- More early voting, across the board, would have done in Trump, elected Hillary
It helped Trumps’ victory that Hillary had a personality to make a train take a dirt road, but Democrats thought they had victory in hand, all the essential numbers were with them, so they thought.
The article linked to at David Horowitz’s Front Page is a transcript of a presentation by noted (former?) Democrat pollster Pat Caddell and Trump campaign key figure Steve Bannon. The politically aware will know both of their reputations.
There is much insight to be had in every passage but we highlight here the keys to Trump’s presidential win with special emphasis in bold on a matter that we have warned about in this blog since its inception. Early voting is both an electoral handicap for Republicans but especially an assault on good government. Using Caddell’s timeline we surmise more of it would have “served” to elect Hillary Clinton.
Thanks to Doug Kelly for recommending the article.
Trump: The President at War
Political warriors Steve Bannon and Pat Caddell explain the keys to Trump’s victory at Restoration Weekend
Pat Caddell: . . . at the heart of much of this was a sense of the corruption and loss of our country. Those people started breaking for Donald Trump. Well, I was waiting for that to happen. I’d seen some evidence in a different situation in 1980 with Reagan and Carter, but what was important was when I saw the exit polls. Everyone saw the exit polls when we got them at 5:00, 5:30, the networks and everyone were going, “Oh, Hillary’s got it! Hillary’s got it!” Well first of all, nobody remembers that those polls are always wrong because of the bias in them, but more importantly, nobody bothered to look inside. The people who had said that they were unfavorable to both were now breaking to Trump by 18 points. And I called Steve and said, these exit polls are all wrong. This is a key break. And it is breaking for Trump.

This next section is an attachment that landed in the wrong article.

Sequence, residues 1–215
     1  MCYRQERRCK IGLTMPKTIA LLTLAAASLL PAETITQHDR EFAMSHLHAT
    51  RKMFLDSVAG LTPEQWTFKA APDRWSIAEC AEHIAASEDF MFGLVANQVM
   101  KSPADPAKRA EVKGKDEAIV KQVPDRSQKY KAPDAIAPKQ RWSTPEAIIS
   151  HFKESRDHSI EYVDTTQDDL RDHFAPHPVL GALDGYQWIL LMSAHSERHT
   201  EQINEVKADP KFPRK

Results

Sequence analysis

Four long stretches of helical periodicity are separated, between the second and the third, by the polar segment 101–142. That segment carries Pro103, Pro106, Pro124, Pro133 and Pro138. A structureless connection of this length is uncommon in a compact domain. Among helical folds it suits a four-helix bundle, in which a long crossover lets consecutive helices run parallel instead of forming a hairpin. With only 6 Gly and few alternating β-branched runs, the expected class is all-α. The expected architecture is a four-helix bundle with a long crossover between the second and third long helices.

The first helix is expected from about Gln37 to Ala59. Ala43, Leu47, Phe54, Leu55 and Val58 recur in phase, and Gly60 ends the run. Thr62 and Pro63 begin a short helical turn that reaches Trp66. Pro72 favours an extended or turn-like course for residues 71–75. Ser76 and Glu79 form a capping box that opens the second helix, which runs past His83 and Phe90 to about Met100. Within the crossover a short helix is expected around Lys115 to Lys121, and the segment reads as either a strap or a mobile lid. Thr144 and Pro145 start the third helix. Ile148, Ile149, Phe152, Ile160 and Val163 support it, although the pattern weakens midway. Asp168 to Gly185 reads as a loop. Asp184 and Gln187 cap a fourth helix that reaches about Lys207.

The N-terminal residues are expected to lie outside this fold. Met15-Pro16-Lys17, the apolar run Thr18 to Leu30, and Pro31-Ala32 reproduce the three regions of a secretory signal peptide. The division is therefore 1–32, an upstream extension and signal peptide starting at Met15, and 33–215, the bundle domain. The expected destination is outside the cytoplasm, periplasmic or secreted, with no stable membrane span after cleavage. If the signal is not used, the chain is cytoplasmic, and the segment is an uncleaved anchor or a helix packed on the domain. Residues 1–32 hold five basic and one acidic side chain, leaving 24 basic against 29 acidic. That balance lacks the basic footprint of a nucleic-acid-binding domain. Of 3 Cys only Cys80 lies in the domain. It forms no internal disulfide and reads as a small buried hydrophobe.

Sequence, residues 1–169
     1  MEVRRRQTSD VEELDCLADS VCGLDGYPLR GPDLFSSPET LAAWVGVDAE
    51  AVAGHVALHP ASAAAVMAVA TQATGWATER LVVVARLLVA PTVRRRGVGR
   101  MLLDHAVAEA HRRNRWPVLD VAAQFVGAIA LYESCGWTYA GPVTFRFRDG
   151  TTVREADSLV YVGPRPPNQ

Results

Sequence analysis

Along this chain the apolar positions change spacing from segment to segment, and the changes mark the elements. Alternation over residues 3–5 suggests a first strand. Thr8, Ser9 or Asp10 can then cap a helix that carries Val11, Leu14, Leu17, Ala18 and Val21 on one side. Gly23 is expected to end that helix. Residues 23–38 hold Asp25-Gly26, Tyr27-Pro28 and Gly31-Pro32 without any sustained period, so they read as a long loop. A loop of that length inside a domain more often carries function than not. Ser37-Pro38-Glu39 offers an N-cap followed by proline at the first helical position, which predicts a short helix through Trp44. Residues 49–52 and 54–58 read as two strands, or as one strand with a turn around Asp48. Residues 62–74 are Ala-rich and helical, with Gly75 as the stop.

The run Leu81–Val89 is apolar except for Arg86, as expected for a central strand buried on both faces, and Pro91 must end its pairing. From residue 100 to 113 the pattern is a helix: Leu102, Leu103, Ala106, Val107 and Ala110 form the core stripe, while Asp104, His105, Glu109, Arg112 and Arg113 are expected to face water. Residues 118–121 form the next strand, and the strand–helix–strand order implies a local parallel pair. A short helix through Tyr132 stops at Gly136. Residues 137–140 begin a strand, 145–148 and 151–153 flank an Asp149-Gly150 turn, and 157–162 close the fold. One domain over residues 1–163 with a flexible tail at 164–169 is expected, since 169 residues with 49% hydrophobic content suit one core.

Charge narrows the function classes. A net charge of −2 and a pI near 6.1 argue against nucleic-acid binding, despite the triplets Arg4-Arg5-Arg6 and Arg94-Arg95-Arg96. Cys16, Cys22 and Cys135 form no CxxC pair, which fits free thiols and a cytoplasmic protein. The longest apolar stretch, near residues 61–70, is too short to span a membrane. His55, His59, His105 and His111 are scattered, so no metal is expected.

I do believe, and I don’t want to get into it, but this mistake of early voting: we were supposed to have an election, not a rolling election. It is a problem with all the unintended consequences, people vote who will change their mind. So, there you have it. Trump won and everyone else in the media was stunned because they would not look at the country that they actually deplore. . . .
Steve Bannon: Now here’s the great news is that who understands this is the American working man and woman. I mean, that’s why Trump’s brilliance of “make American great again” resonates so strongly.
Pat Caddell: The single greatest slogan in my lifetime in American politics, in terms of what summed it all up.
Steve Bannon: And the numbers show you — and the strategy we had, we had kind of two plans. But the first plan we had to take — remember this is 85 days to go. You’re basically going to get blown out, and if you read their books, they thought they were going to win by 25 or 30 points. Take the House, the Senate, the courts. It was basically over. Break the back of the Republican Party. But the key, we had to win Florida, North Carolina, Ohio, and Iowa just to get to the table. And by the way, I don’t think in living memory any Republican has done that. You had to get there just to get to the final, that was the bridge that got you to the final. We had a Plan A and a Plan B, but Plan B, which was shattering the blue wall in the upper Midwest, we did some very specific demographic analysis around how the messaging that Pat had overall talked about was playing. And we see could see it in places like Youngstown, Ohio, and Dubuque, Iowa, and other places, that the message was resonating with not just Republicans, but with blue-collar Democrats or Independents that had not voted for a Republican in living memory. And that’s why we could see western Pennsylvania, we could see Wisconsin, we could see Michigan. We could see that something was changing, and that was the message, this underlying discontent in the country and wanting fundamental change. And Trump’s ability to be the instrument or the messenger that was starting to galvanize people. . . .
Other takes include that: